In most urban areas today, those who want broadband services have between twelve and sixteen choices when we include wire, fiber, cable, and the various wireless services. It is not clear to me how adding more competitors to this number will drive down pricing or provide us with a platform for renewed technology development. Over time, the market forces will once again weed out some of these service providers. The survivors will be those that have kept up with the latest technology, found ways to cut the cost of delivering packets of data down every wired or wireless pipe they control, treat their customers fairly, and provide access to the types of services customers want and need.


Providing additional unlicensed spectrum when the TV White Space spectrum has not yet been put into service does not make a lot of economic sense. If the FCC feels additional unlicensed spectrum should be allocated in the future, my suggestion is to hold back a portion of the spectrum and “bank it” without any determination as to its highest and best use until we see the results of TV White Space usage, and until we have a clear understanding of how the funds for broadband deployment will be used.


As I stated in my white paper, the answer to providing broadband for all and access for all does not lie in the creation of another network that will take ten years to construct, but rather in finding economically feasible ways to extend some or all of the networks we already have, making use of existing technology, and building not one super broadband highway but a number of highways that reach as many Americans as possible, knowing they will be fully interconnected by the Internet.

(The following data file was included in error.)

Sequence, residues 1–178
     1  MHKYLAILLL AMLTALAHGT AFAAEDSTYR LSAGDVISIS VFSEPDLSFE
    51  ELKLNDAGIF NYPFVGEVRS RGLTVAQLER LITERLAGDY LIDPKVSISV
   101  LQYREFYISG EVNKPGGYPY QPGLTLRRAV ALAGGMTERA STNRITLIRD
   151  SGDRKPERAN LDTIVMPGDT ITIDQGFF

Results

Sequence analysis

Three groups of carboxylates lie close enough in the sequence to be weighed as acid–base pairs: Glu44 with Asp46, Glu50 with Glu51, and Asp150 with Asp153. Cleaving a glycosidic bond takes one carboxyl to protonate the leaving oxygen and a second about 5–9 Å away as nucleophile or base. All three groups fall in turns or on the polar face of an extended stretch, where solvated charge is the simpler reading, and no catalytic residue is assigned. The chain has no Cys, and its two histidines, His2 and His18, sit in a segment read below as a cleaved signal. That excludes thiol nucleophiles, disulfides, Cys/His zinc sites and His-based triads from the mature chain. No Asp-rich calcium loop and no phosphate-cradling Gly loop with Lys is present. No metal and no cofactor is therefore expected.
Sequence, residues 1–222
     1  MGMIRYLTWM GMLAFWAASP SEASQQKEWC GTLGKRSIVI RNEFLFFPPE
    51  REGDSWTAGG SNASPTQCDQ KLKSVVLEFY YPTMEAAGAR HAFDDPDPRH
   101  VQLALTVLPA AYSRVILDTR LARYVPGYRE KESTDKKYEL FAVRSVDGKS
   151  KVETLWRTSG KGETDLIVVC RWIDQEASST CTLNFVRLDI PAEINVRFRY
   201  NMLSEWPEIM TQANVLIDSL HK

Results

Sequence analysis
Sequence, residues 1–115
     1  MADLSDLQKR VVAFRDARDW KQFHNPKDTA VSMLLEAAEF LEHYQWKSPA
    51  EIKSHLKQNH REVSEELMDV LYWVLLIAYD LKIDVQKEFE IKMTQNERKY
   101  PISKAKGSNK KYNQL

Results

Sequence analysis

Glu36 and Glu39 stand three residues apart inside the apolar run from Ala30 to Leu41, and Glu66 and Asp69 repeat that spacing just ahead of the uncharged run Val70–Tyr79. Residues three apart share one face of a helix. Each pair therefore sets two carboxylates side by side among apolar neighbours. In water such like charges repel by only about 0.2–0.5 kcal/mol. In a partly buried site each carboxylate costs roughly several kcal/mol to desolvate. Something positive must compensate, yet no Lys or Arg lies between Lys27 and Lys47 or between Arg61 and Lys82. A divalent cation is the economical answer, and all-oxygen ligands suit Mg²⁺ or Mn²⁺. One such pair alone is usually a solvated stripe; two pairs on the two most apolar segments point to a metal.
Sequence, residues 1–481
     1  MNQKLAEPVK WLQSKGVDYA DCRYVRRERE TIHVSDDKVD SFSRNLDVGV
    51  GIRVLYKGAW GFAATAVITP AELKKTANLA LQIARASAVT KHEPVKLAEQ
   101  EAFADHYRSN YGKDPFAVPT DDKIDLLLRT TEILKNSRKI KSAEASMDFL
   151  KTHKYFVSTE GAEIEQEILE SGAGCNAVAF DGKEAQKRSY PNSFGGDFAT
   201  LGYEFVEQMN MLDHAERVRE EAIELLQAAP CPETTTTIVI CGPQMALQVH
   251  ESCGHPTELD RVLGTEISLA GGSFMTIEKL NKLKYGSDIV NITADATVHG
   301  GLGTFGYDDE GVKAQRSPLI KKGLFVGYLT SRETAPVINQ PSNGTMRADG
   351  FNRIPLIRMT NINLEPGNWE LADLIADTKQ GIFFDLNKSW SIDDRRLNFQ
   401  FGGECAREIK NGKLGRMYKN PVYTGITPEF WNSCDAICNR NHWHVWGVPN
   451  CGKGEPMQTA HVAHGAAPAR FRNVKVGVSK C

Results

I believe the 700-MHz D Block should be successfully allocated to a joint public/private partnership and that funding must be made available in order for it to be a viable partnership. In addition to first responder services, this spectrum could be used in covering much of rural America even if it were built out simply to provide backhaul from other wired and wireless networks, again, making use of what we have and not what some hope to create.


Many states and regions have grown tired of waiting for this combined network and more regions have begun planning for their own interoperable networks that will include federal, state, and local agencies. While money is increasingly more difficult to find, they feel they can wait no longer and are planning to move ahead because of the great need and demand for interagency communications, first and foremost for voice services, and then for data. The first responder community seems to favor the concept of a network of networks built on a regional basis that are designed for interconnection on a nationwide basis.